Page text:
**Date:** Tue, 30 Apr 2002 10:02:51 -0400

**Author:** "Jason St. John"

**Subject:** Re: "sound advice"

**Post:**

Could it be that the Doppler effect gives different perceived frequencies

in the two cases because of the difference between observing/listening

while at rest with respect to the sound-carrying medium and

observing/listening while moving through the air?

-St.John

Boston University

On Tue, 30 Apr 2002, Anthony Lapinski wrote:

> I have 2 questions about sound:

>

> 1) Doppler effect equation for source/observer moving toward the other is

>

> fo = fs[(343+vo)/(343 - vs)]

>

> Similar equation if they recede.

>

> An alarm sounds. If the observer recedes, you hear a frequency. If the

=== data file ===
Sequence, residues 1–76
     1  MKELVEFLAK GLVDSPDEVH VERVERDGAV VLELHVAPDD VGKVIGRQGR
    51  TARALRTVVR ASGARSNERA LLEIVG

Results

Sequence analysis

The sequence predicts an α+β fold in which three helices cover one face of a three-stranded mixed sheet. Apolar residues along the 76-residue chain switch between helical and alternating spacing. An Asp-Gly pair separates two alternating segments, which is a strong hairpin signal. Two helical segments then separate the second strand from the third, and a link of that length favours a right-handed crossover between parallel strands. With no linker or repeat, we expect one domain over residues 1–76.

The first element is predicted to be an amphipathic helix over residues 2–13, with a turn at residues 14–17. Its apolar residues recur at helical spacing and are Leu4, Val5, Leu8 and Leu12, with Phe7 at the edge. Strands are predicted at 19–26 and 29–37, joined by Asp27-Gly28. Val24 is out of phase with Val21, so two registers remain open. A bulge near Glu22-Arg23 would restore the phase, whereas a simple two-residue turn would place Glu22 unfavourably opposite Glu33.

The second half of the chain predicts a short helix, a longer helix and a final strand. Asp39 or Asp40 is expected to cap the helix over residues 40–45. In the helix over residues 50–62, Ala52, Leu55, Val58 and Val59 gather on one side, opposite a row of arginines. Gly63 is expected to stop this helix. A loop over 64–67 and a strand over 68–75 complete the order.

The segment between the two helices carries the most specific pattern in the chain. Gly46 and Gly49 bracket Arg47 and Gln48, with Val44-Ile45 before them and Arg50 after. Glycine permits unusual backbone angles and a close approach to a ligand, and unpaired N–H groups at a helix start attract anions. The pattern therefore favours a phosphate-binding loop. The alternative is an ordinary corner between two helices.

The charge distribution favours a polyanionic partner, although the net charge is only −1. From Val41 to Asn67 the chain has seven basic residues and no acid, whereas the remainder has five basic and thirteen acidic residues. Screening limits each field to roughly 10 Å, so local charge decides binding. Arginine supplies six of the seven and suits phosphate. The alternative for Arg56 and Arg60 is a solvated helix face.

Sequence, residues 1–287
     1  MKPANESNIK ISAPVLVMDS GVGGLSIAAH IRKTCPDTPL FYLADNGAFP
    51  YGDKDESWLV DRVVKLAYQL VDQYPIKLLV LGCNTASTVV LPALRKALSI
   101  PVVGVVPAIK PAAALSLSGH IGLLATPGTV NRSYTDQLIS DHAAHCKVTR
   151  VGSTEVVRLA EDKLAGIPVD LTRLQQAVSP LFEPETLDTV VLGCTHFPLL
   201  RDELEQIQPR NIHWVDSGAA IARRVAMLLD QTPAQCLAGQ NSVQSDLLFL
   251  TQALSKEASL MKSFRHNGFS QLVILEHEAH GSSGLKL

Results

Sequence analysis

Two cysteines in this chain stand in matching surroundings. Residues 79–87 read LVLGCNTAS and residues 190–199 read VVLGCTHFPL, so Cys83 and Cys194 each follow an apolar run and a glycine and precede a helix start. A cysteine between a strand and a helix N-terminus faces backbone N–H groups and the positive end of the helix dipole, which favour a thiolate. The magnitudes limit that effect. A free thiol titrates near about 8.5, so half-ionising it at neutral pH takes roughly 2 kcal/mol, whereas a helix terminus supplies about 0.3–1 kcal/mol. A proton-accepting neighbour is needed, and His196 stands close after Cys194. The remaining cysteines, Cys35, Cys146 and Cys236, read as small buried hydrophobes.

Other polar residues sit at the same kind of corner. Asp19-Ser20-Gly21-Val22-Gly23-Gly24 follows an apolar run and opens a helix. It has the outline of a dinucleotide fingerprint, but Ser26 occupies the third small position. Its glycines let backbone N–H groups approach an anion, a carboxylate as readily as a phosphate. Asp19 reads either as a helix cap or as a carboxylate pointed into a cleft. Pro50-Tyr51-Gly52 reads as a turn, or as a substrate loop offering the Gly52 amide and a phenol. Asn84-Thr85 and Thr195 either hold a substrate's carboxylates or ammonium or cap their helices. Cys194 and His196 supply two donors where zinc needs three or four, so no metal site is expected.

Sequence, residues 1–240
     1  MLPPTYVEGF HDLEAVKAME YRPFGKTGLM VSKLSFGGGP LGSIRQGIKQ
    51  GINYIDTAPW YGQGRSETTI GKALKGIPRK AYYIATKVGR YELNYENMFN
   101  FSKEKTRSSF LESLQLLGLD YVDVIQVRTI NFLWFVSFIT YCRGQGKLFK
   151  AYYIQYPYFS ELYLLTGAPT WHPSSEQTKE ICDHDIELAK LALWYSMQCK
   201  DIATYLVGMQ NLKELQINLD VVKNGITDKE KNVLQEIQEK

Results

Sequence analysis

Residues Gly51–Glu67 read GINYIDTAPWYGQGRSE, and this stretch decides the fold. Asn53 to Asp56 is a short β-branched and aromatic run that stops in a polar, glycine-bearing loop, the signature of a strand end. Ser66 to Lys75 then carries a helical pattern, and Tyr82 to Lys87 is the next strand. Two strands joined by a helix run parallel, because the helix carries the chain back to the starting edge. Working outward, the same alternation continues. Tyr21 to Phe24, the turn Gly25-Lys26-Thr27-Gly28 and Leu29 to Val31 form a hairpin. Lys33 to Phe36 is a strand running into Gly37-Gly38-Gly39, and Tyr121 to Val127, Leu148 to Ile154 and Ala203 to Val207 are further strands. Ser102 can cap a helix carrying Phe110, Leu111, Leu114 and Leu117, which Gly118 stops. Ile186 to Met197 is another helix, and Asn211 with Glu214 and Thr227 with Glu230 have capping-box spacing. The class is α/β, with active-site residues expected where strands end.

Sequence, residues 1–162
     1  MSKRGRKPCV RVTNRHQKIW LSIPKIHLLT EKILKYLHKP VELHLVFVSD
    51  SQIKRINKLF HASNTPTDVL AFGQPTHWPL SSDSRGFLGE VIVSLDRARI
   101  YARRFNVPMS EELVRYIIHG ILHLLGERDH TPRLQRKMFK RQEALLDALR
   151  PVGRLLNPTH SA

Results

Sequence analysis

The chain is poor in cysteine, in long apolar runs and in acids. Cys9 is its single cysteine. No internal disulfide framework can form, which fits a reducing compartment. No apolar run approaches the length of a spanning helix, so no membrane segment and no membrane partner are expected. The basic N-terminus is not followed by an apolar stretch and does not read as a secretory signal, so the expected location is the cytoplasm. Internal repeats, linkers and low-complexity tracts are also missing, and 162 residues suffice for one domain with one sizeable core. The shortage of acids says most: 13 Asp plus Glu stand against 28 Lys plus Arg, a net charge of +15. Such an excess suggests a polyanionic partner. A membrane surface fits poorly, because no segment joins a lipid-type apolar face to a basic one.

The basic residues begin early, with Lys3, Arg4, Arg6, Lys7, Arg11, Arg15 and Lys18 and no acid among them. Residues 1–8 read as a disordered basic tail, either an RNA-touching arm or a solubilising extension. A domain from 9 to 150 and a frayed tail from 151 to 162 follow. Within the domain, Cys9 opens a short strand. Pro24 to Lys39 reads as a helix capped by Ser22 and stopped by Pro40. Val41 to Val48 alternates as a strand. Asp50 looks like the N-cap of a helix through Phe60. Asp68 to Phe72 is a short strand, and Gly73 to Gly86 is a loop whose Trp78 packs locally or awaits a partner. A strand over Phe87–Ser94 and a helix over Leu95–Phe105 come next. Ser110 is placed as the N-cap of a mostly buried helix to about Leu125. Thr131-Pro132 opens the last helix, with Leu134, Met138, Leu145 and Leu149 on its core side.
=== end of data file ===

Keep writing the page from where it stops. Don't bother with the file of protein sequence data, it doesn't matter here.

> source recedes, you hear a slightly different frequency. The Doppler

> frequencies are NOT symmetrical around the alarm frequency. This can be

> seen mathematically in the equations, but is there a CONCEPTUAL

> explanation?

>

>

> 2) The speed of sound does NOT depend on its frequency. If wind is

> blowing, the wavelength changes with the speed, keeping the frequency

> constant. The same is true for refraction, like a wave going from air to

> water. But what about the temperature of the air? If the air warms up,

> speed of sound increases. Won't that INCREASE the pitch (like for the wind

> instruments), keeping wavelength constant? I know the length of the tube

> also increases, but the speed change for air is more of a factor. Am I

> missing something here is this last situation?

>